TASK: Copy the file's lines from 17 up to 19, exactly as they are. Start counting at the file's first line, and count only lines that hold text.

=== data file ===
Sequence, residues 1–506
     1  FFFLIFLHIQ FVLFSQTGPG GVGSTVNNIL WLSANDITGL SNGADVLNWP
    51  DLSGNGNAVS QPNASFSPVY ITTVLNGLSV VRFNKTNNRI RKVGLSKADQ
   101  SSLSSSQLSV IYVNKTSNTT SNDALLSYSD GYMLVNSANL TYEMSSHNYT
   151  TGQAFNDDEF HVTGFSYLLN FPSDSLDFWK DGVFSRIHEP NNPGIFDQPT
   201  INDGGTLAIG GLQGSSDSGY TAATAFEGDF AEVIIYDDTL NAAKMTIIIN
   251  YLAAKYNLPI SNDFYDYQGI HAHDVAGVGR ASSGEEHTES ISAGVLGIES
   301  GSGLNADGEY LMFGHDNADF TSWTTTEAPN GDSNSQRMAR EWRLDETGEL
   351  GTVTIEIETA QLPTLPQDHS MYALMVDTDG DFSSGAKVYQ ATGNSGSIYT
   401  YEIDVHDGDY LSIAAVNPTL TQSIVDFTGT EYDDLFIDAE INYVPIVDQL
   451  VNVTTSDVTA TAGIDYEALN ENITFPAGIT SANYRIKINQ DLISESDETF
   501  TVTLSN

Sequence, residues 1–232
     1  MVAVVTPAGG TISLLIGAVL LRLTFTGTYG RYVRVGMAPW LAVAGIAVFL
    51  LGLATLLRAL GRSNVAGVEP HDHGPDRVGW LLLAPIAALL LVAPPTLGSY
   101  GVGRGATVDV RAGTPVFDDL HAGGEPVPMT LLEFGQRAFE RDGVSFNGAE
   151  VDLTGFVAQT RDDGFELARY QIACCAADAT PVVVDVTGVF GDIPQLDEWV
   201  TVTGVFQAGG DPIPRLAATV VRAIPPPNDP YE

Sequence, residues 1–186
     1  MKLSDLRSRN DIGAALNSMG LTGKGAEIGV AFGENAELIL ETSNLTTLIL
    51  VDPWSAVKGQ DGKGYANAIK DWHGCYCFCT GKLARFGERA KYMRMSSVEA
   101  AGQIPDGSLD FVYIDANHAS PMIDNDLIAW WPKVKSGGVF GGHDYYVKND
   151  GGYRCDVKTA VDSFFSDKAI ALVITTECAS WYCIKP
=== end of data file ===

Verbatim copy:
   151  VDLTGFVAQT RDDGFELARY QIACCAADAT PVVVDVTGVF GDIPQLDEWV
   201  TVTGVFQAGG DPIPRLAATV VRAIPPPNDP YE

Sequence, residues 1–186